What are the best straight lawn bowls? Read our guide on why you should consider straighter bowls, and which model is best for you.
Top 7 straight lawn bowls
Bowls is all about getting close to the jack. Your draw shot is your bread and butter, and will often be the difference between winning and losing, so it is imperative to be constantly looking for ways to improve it.
Evey competitive bowler will look for an edge in order to win. The best way to improve your draw shot – after technical improvement – is to consider a straighter set of bowls. In this guide, we will take a look at why, as well as recommend a few models.
Just as a safety warning – this is a “touchy” subject for some, so be prepared to take some flak! Let’s dive in.
There are 4 main reasons to consider a slightly straighter set of bowls.
Straighter bowls will miss by less if you get your line wrong. By the fact that they turn less, if you miss your line they won’t drift off dramatically as a wider bowl would.
Weight control is easier as the jack is likely to be in your eye line. Having a direct point of reference for your weight control will help your brain calculate the distance.
The distance travelled is shorter so less effort should be required. The line to the jack is more direct, this will help if you struggle to reach on longer jacks.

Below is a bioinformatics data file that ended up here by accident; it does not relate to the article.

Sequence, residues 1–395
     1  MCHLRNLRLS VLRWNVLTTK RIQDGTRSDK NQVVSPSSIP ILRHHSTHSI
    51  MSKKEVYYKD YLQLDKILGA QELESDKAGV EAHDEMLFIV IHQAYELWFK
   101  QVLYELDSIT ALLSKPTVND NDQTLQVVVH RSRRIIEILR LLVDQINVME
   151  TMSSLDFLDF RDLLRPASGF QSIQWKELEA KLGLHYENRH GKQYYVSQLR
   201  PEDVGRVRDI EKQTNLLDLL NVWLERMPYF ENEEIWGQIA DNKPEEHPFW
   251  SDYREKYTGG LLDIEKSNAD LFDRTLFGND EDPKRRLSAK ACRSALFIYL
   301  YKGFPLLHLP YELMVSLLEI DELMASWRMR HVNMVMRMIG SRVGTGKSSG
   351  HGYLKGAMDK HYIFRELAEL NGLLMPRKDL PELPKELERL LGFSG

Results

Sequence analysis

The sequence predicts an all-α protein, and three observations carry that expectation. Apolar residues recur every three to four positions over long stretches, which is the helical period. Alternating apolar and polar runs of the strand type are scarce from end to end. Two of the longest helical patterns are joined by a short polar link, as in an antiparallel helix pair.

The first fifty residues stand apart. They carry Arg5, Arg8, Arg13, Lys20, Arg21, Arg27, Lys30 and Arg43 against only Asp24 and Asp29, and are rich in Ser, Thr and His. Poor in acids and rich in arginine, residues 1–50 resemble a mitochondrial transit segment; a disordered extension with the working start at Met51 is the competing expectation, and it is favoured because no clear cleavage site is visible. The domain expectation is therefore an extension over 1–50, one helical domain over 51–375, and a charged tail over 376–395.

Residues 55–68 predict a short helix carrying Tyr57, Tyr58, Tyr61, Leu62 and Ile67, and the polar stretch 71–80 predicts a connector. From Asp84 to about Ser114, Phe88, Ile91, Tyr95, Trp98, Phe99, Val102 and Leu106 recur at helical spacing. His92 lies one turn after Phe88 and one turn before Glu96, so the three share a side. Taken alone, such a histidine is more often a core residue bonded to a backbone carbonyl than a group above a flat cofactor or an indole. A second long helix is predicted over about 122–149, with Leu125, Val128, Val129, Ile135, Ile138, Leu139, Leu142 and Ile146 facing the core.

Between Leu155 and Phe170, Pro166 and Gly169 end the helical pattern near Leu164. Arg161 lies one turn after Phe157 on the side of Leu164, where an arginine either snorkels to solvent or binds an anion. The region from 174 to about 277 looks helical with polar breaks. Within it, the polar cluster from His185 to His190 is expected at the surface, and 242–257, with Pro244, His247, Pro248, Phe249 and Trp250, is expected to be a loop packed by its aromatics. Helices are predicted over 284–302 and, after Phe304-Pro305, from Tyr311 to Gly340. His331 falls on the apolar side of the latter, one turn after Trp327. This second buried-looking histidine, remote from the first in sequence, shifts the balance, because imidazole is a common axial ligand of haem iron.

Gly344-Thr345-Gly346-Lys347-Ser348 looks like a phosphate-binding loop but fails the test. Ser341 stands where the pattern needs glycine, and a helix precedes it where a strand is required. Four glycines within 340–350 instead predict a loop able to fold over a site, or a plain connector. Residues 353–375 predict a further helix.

Weighted draws are much easier. A straighter set of bowls hold their line longer. This makes “yard-on” shots easier. With a wider bias bowl, it can be tricky to judge yard-on shot weights, as you need to consider how much the bowl will bend with the extra weight. Straighter bowls have much less variance so the margin for error is in your favour
The main concern with a straighter bowl is they often struggle to get around short bowls, therefore they are great for leads.
A lead’s game is based on the draw and any advantage can be huge for the rest of the team.
Straighter bowls can also be used for singles games, especially if you are good at changing hands (forehand to backhand and vice versa). There are usually very few short bowls to contend with, and if you do encounter one, you can just switch hands.
In singles play a straight bowl can often be better for attacking shots too. A straighter bowl will turn less on a weighted draw which will make line judgement much easier. Also, with a full drive, a straighter bowl may not turn at all.
There is a debate amongst the bowls community about whether or not straight lawn bowls are “fair” – or if they should be even legal.
On one hand, bowls manufacturers are making them with these biases, why not take advantage? If a set of straighter bowls suits your game, and they make it easier
This will come down to personal preference, however, I believe there is a balance to be had. At some point “straighter” becomes “straight”, and you might as well be playing skittles. On the other hand, I see no issue with using a model that is designed for leads, and general front end play. I can’t see a point in using a much wider bias bowl when it’s not needed.